The Ministry of Science and Technology kicked off May 10 a three-day training camp for participants in its Learn, Explore, Aspire, Pioneer project, a talent cultivation initiative offering 50 Taiwan doctorate holders the opportunity to conduct cutting-edge industrial technology R&D in Silicon Valley for one year.
Designed to prepare participants ahead of their August departure for the U.S., the training camp comprises case study presentations, exchange activities with Silicon Valley professionals and seminars by tech industry experts. Invited speakers include Bruce Chen, founder and CEO of payment platform INSTO; Jesse Chen, co-founder of startup investment firm Maton Venture; and Luba Tang, founder and CEO of software solutions developer Skymizer Inc.
Speaking at the launch of the camp in northern Taiwan's Taoyuan City, MOST Minister Chen Liang-gee said that the LEAP initiative will foster domestic innovation by helping top local talents establish professional networks in the U.S. and learn about emerging trends in key sectors like green energy, information and communication technology and smart machinery.
According to the ministry, some 37 international enterprises based in Silicon Valley have offered more than 100 research and cross-sector training opportunities under the LEAP project. Participating companies include semiconductor firms Applied Materials Inc. and Intel Corp. as well as graphics chipmaker Nvidia Corp.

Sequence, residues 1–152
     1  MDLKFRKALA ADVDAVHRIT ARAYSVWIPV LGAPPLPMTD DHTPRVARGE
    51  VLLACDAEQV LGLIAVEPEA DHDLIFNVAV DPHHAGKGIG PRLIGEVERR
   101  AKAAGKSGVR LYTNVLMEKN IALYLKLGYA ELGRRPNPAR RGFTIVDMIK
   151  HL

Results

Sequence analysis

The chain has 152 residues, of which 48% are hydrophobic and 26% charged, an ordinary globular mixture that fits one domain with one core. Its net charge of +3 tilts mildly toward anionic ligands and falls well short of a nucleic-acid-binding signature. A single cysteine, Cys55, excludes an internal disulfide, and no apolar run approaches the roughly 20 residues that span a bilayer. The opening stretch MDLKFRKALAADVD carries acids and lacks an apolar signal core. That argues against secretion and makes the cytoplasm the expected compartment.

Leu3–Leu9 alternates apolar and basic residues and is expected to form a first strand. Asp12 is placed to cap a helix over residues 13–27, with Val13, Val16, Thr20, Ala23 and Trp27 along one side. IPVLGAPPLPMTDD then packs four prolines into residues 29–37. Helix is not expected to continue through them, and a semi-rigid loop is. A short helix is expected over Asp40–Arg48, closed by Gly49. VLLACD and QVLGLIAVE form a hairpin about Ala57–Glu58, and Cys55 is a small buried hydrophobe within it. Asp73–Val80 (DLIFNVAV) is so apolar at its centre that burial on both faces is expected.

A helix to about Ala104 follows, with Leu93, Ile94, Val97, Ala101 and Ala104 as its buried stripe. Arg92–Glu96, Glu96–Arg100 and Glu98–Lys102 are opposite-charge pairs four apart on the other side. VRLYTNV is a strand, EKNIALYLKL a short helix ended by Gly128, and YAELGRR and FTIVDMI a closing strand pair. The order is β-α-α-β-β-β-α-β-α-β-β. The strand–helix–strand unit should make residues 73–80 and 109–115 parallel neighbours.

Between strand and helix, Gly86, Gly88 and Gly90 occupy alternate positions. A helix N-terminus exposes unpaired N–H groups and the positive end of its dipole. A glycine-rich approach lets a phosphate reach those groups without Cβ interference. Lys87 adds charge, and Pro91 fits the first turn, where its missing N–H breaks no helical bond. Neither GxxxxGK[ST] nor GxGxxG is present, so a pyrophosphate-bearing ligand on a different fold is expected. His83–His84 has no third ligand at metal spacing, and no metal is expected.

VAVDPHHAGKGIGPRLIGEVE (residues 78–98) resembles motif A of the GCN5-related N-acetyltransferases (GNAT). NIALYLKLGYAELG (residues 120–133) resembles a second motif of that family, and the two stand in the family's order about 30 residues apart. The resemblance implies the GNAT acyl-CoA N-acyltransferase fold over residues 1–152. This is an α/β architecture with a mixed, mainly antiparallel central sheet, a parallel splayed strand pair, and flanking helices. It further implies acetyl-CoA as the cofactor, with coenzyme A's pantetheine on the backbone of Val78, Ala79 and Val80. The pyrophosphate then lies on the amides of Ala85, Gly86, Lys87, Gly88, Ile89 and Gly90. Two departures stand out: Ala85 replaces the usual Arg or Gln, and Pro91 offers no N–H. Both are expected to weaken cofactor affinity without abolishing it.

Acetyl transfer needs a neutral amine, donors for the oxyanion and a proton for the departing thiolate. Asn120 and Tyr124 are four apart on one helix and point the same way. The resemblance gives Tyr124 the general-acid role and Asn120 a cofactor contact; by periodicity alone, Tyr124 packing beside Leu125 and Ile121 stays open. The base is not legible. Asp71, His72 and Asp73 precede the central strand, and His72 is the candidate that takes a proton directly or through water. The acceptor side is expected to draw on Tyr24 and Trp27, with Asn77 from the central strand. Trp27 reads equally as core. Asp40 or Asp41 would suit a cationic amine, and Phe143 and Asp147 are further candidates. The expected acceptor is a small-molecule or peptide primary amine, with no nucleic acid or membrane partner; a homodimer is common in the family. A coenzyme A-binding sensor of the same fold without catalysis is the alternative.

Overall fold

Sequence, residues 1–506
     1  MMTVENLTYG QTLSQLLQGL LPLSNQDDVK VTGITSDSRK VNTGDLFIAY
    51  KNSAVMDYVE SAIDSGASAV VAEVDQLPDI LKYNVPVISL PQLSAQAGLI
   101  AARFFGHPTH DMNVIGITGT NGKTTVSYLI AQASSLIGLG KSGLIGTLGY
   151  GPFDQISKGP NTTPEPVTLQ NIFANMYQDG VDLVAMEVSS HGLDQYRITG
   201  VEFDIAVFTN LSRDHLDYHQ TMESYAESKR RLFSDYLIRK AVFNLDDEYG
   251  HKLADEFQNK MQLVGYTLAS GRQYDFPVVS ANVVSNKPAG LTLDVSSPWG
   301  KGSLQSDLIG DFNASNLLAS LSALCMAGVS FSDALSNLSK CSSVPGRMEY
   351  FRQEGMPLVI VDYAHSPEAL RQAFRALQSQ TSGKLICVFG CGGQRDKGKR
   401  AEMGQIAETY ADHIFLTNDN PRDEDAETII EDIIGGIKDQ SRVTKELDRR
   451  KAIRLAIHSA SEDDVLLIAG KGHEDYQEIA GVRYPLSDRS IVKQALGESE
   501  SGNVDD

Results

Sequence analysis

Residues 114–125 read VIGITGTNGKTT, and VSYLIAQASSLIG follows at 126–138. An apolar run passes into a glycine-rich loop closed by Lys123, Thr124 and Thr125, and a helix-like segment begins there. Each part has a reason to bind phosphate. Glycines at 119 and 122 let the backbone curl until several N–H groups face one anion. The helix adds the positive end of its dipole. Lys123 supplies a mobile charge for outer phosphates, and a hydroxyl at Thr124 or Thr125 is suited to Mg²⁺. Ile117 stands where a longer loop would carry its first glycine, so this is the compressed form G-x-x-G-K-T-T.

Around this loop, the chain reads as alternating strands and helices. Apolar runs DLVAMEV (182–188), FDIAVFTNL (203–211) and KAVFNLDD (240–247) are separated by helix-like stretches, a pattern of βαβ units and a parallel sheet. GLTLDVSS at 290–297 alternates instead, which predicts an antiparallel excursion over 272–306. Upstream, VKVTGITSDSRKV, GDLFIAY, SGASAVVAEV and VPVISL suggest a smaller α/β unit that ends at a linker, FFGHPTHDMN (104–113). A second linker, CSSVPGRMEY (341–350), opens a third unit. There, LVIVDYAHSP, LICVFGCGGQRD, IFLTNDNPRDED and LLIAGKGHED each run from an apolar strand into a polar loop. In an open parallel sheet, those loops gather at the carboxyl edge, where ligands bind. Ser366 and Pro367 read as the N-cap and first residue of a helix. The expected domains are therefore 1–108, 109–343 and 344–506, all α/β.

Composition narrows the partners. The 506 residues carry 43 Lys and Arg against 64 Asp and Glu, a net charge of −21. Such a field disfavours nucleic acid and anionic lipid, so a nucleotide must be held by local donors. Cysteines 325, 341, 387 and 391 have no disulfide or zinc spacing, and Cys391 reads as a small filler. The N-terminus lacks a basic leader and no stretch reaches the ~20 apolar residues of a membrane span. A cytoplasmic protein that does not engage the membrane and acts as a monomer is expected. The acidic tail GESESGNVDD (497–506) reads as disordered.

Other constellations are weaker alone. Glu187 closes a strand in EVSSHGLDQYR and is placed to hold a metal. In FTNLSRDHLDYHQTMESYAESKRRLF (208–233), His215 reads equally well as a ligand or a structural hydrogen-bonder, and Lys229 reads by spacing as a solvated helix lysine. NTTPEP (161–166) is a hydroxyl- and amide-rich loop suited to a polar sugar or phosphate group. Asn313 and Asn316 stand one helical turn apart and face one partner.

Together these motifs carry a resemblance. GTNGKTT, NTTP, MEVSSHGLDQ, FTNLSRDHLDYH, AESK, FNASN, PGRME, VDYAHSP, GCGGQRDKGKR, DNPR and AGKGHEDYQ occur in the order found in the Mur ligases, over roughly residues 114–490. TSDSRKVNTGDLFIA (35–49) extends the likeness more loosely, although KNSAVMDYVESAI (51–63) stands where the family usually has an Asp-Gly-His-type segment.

To ensure the doctorate holders get the most from their experience, the ministry has also arranged a group of mentors in Silicon Valley who will be on hand to offer guidance on cultural, entrepreneurial and innovative trends in the global tech hub. Upon returning to Taiwan, participants will be invited to share their experience with local academics and tech sector workers through MOST-organized exchange programs.
Launched in February by the ministry's Science and Technology Policy Research and Information Center, the LEAP program is among a number of government initiatives designed to strengthen the nation's high-tech talent pool. In April, the ministry unveiled Leaders in Future Trends, an incentives-based project aimed at encouraging top Taiwan doctorate holders who were awarded their degrees in the fields of science and technology by foreign universities to return home from abroad and share their knowledge and expertise.
These measures are in line with President Tsai Ing-wen's five-plus-two innovative industries initiative, a comprehensive economic restructuring program promoting the biotech and pharmaceuticals, green energy, national defense, smart machinery and Internet of Things sectors, as well as the circular economy and a new paradigm for agricultural development.
Source: Radio Taiwan International